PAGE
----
Oxford debate: Varun Gandhi declines invitation to criticise Modi
Varun said speaking at the Oxford debate will be a “dishonourable act” since he saw no merit or integrity in voicing domestic challenges at an international forum
BJP Lok Sabha MP from Pilibhit Varun Gandhi speaks during the Budget session (ANI Photo/ LSTV TV Grab)
Indian MP Varun Gandhi, a member of prime minister Narendra Modi’s ruling Bharatiya Janata Party (BJP), has reportedly turned down an invitation by the Oxford Union to speak at a debate on “whether India is on the right path” under Modi.
Varun is the grandson of the late former Indian prime minister Indira Gandhi, who belonged to the Congress, which is now in opposition. His cousin, Rahul, was in London last week and spoke at Cambridge University, where he criticised the failure of “democratic structures” in India. His comments sparked uproar in India and have led to stalled parliamentary proceedings this week.
Varun is reported to have said speaking at the Oxford debate will be a “dishonourable act” since he saw no merit or integrity in voicing domestic challenges at an international forum.
A source said Varun, who has been critical of the BJP-led government’s policies, took the decision as the prestigious debating society wanted him to speak against the motion that “This House Believes Modi’s India Is On The Right Path”.
The invitation for the debate, scheduled between April and June, was extended to the BJP MP on behalf of the union’s president, Matthew Dick.
According to the Oxford union’s invitation to Varun, India under Modi has risen to greater prominence on the global stage, with many equating his policy agendas to robust economic growth, tackling corruption, and putting “India first”.
On the other hand, the prime minister’s administration has been criticised for mishandling a growing discontent within the agricultural sector, “instigating” conflict between religious groups, and failing to revitalise the health and education sectors, the invitation is said to have added.
“Against the backdrop of ever-strong popularity among voters, it is imperative to discuss whether the BJP’s direction under Modi has been more polarising than unifying. The question then becomes: what (or who) is the right path for India as it forges ahead into the future?” the invitation read.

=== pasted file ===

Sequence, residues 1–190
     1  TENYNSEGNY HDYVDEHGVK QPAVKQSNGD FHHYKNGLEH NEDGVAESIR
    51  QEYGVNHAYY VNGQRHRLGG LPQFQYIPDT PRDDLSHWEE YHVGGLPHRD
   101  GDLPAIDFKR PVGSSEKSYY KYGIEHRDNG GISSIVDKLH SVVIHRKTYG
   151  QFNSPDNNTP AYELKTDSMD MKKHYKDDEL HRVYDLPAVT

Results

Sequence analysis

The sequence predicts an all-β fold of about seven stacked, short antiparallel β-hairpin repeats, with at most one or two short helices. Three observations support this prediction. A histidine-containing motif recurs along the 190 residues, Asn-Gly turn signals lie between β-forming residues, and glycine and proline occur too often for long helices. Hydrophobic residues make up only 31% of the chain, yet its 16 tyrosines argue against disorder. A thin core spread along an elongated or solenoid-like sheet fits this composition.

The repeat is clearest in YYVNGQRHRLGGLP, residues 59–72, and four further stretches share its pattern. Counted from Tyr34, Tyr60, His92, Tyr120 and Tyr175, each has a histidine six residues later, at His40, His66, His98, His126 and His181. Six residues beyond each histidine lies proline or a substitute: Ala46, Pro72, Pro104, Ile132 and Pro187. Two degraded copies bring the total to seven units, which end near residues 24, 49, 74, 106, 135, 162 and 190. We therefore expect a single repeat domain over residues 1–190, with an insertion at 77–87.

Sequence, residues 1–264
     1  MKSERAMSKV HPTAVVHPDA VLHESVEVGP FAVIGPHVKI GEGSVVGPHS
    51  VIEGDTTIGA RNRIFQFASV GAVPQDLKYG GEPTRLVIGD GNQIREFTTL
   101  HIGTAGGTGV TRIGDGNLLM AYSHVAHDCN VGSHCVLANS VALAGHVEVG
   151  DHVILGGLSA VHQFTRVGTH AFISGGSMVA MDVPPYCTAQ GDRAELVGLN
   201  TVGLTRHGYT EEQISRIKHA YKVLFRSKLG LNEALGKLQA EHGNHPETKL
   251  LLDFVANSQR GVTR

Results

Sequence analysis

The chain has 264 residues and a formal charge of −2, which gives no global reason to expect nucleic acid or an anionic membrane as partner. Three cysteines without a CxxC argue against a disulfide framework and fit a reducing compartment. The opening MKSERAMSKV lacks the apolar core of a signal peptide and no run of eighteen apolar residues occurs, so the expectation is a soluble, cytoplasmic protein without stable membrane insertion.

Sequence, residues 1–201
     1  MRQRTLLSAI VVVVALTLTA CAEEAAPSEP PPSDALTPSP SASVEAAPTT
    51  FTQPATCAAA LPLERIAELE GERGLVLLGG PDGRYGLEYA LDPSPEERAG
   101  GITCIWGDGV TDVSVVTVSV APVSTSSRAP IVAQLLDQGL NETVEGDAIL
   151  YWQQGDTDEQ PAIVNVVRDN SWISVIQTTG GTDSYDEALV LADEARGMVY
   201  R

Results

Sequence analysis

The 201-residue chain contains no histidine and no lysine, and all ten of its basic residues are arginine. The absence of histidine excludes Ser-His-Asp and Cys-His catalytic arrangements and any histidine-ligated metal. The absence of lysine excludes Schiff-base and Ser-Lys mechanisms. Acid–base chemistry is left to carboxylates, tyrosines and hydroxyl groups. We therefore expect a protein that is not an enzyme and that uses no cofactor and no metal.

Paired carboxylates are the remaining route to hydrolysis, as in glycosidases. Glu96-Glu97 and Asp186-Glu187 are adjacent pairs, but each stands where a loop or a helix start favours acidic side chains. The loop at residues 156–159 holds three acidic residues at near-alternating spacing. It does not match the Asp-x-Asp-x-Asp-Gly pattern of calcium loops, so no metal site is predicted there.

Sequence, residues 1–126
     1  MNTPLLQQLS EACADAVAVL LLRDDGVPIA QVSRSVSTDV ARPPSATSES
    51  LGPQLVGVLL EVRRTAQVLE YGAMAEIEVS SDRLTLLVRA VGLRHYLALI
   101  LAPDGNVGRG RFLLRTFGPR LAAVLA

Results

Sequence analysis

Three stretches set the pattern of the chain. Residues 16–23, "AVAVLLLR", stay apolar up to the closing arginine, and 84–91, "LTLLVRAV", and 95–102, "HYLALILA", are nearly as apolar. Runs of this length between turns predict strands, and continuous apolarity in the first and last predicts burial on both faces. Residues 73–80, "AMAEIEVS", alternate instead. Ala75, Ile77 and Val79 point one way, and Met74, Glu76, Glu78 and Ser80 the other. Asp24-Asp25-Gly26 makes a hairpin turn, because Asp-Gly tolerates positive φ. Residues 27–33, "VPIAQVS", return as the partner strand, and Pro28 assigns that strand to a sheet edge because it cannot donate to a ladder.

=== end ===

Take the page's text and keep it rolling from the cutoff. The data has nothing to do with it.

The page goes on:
Declining the invitation, Varun said the topic in question was one with a “predefined conclusion” and added that he had the opportunity to discuss such topics in India, where he can criticise government policies in public as well as in parliament.
However, such criticism must be made within India to policy-makers and raising them outside the country would be inimical to its interest and a “dishonourable act”, Varun is reported to have said.
“As an elected representative, I see it as my job to strengthen our system by studying and evaluating policy initiatives and offering feedback; by taking up issues of national interest and suggesting possible solutions; by engaging with the public to raise and showcase legitimate concerns. It is a priority to participate in the national debate both within parliament and through other fora in a constant and constructive manner,” Varun said.
He added, “However, such comment must be offered within India to Indian policy-makers. I see no merit or integrity in vocalising internal challenges in an international forum.”
The MP represents Pilibhit in northern India’s Uttar Pradesh state in the Lok Sabha, India’s lower house of parliament.
Varun said India was “on the right path for development and inclusiveness, laid out and pursued by governments of varied political affiliations over the past seven decades with a push for robust economic growth, revitalising agriculture, education and healthcare, and putting India’s interests first”.
Every vibrant democracy offers its citizens the freedom and opportunity to engage with issues, Varun added.
Politicians like him may have their differences on individual policies at the central and state levels; however, they are united on the path for India’s rise, he said.
A spokesperson for Oxford Union declined comment over the weekly debates planned between April 27 and June 15, saying, “We have nothing to say on this”.